THE questions whether, why, and to what extent science and religion are in conflict has been one of the abiding motifs of Western culture. This collection by an international group of scholars covers the subject from a rich variety of angles.
Although there are brief references to the Galileo affair, and earlier authoritarian rejections of scientific endeavour, the main perspectives are post-Enlightenment. A recurrent theme is whether those rejecting religious belief in favour of science have subtly risked turning scientific thought into a substitute religion.
A particular battleground erupted in America, with its empirical instincts. Snippets of biblical texts could easily be regarded as akin to specimens of nature, the propositions of scripture as a counterpart to the phenomena of the created world. The problems arose when these worlds collided, as with the account of creation in Genesis and geological knowledge. Darwin twisted the knife of this debate, calling into question the unique and special creation of human beings.
Although the conflictual issues made the headlines, the authors here emphasise that, throughout, there were many theologians who welcomed the advance of scientific knowledge, and were content to review and restate Christian belief in ways which would harmonise with it. Was Darwin’s theory of human origins more than a modern account of what it was to be taken from the dust of the earth?
Different assessments of science could prove as proxy for arguments between different strands of religious belief. This was especially true in America, where Protestant fundamentalism confronted Protestant liberalism, and issued in a guerilla war that continues.
In Europe, the influential Enlightenment philosopher Immanuel Kant had proposed a radical separation of the realms of science and religion, and reduced the potential hostilities by placing strict limits on both. Religion, now a moral concern, could not dictate scientific truth, while science was denied any right to draw metaphysical implications from its discoveries about how nature worked. This undergirded the later attempts by liberal theology to embrace scientific discoveries in principle, if often at a distance.
The Kantian approach has proved quite durable, a series of writers claiming that, while science reveals the “how” of things, religion reveals the “why”. More recent writers have questioned this unduly neat division, given that so much of our cultural and linguistic experience is shared.
There are interesting chapters on the neglected Muslim, Jewish, and Orthodox Christian engagement in these debates. For Muslim thinkers, the issues are social and political rather than philosophical. The concern is with a covert use of science to promote the cultural superiority of the Christian West, with its accompanying lifestyle, interests, and loyalties. Muslims have tended to see Christianity, with its more prominent place for miracles, as in greater tension with science than could be the case with Islam.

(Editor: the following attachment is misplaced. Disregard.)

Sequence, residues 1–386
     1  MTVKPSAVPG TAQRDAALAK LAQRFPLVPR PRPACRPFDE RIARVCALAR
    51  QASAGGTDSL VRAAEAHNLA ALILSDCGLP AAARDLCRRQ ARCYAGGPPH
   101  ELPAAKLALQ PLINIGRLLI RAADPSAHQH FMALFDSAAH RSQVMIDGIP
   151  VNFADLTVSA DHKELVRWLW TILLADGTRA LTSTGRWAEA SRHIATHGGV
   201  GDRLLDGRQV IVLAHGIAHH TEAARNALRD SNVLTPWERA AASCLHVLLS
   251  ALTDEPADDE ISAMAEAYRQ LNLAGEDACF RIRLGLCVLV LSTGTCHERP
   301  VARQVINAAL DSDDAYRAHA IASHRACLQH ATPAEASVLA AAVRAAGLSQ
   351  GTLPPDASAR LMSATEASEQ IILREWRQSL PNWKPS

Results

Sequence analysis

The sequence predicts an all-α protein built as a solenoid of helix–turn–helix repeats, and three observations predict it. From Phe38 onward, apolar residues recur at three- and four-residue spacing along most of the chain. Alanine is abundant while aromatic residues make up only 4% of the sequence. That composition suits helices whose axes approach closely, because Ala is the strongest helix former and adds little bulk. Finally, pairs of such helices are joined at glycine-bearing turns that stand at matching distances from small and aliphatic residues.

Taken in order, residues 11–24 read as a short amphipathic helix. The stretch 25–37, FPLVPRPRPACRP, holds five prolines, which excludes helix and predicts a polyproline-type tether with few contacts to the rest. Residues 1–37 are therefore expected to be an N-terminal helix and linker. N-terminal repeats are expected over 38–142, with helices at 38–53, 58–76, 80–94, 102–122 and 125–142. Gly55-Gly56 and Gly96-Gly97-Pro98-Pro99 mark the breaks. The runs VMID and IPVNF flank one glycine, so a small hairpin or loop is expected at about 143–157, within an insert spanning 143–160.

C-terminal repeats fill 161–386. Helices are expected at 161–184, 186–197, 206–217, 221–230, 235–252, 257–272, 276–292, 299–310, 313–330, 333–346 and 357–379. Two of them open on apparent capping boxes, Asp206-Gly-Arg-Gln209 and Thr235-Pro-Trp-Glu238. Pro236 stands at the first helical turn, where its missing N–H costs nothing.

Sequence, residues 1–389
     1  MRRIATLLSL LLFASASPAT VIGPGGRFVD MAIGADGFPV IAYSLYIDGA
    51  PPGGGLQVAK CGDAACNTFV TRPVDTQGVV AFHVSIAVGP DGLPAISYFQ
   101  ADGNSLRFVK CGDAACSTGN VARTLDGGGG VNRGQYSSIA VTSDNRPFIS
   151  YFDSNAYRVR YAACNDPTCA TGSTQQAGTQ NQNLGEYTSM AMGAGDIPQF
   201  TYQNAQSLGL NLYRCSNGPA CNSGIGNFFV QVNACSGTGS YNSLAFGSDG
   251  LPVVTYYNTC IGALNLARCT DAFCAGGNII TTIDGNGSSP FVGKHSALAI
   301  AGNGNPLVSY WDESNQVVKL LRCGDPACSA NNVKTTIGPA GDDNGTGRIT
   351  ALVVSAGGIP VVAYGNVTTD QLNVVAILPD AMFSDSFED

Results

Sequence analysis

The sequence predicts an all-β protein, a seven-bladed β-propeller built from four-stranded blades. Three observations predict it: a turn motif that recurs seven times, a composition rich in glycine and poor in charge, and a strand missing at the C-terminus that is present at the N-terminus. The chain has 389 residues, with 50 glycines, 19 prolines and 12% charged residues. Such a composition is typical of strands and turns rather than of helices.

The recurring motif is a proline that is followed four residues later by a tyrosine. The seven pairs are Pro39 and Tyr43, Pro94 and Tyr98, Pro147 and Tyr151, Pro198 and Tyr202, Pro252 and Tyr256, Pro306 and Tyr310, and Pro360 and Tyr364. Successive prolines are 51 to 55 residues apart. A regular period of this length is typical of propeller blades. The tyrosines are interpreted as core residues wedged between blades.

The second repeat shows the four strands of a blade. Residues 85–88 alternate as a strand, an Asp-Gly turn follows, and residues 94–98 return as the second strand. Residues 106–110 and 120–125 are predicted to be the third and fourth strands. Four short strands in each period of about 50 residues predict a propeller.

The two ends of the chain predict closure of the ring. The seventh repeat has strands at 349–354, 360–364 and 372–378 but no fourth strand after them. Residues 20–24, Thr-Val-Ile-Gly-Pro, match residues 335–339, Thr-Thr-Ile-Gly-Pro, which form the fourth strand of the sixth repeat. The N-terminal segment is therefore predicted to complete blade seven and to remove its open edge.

American Jewish authors, in contrast, have been keen to avoid association with the conservative Christian critique of science. The desire of American Jews to be accepted as equal citizens helped to shape their understandings of science. For Orthodoxy, there could, in principle, be no fundamental conflict between scientific and religious truth, despite anti-modernist strands in some Orthodox countries, such as Russia.
The more historically minded contributors emphasise the complexity of the debate, and warn against simplistic narratives, such as those provided by the so-called New Atheists. It is pointed out, rather tersely, that none of the most prominent New Atheists is a historian. They have much in common with ahistorical fundamentalism, demanding from ancient texts a body of contemporary scientific information. New Atheism is regarded as a rather Promethean mythological, or even religious, quest.
An interesting chapter discusses the religious beliefs of modern scientists, revealing that, whereas scientists in Europe and America tend to be less religious than the general population, the opposite is true in nations such as India.
Finally, what does Homo sapiens on the Clapham omnibus make of all this? The conflict motif is influential still, but science itself can easily be seen as a dehumanising venture, and a threat to the environment. Those who are interested in the science-and-religion debate, and the impact of science as a cultural force, will find this book a fascinating, if at times slightly recondite, read.
Dr Peter Forster is Bishop of Chester.
The Warfare Between Science and Religion: The idea that wouldn’t die
Jeff Hardin, Ronald Numbers and Ronald Binzley, editors
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